Questions may arise as to whether goats will help supplement farm income or if a larger operation is even technically feasible. In an enterprise with seasonal and cyclical price changes, sensitivity to variable grain and hay prices, and a vulnerability to drought, appropriate management practices and an identification of key cost components are important. Circumstances over which the producer has no control can wreak havoc in the short run if a producer neglects strategic planning and risk management.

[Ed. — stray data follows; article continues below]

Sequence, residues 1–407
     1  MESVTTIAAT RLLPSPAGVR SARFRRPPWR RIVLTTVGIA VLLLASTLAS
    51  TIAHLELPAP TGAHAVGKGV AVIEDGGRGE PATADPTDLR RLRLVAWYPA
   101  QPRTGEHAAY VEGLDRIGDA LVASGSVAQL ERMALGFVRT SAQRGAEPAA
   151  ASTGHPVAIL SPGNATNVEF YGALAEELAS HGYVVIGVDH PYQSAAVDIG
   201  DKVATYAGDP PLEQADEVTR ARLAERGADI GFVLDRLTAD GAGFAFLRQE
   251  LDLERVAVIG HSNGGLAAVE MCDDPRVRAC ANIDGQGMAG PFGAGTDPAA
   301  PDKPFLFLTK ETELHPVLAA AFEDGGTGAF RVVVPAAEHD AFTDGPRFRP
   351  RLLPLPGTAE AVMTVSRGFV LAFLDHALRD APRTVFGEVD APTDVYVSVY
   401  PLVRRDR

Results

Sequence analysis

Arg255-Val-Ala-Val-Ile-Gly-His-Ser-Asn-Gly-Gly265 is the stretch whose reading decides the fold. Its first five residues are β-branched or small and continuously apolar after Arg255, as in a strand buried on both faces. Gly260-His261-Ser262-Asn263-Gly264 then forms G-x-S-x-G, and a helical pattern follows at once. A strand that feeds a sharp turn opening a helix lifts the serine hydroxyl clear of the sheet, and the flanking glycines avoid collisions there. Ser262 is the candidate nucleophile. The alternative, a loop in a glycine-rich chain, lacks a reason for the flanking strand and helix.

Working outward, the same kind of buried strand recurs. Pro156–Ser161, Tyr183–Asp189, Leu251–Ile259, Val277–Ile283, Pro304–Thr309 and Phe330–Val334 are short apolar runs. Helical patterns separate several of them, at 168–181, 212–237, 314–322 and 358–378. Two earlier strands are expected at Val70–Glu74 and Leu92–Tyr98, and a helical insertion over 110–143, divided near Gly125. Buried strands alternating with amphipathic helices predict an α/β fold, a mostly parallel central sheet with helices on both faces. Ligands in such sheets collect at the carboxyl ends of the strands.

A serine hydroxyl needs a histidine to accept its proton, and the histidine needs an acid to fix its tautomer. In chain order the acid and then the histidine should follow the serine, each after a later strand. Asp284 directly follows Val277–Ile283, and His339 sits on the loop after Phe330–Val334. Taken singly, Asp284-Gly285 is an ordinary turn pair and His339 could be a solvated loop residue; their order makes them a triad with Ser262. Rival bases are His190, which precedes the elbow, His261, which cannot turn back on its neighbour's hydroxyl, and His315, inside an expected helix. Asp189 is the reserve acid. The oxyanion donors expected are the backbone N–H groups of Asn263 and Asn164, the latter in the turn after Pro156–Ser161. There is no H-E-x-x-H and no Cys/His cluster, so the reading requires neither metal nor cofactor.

An enterprise budget estimates the full economic costs and returns projected to accrue to an activity - raising livestock or producing grain - for some period, generally one year. Enterprise budgets incorporate information about the specific resources, management practices, and technology used in the production process. Budgets help provide a decision framework for assessing both short- and long-range economic analyses of production agriculture. Budgeting allows producers to evaluate options before committing resources. Budgets can also be used to estimate potential income and the size of farm needed to earn a specified return or to compare the profitability of two or more systems of production. Budgets provide the documentation necessary to project cash flows and obtain/maintain credit-worthiness. Budgets can be used to estimate the amount of rent that can be paid for land or machinery.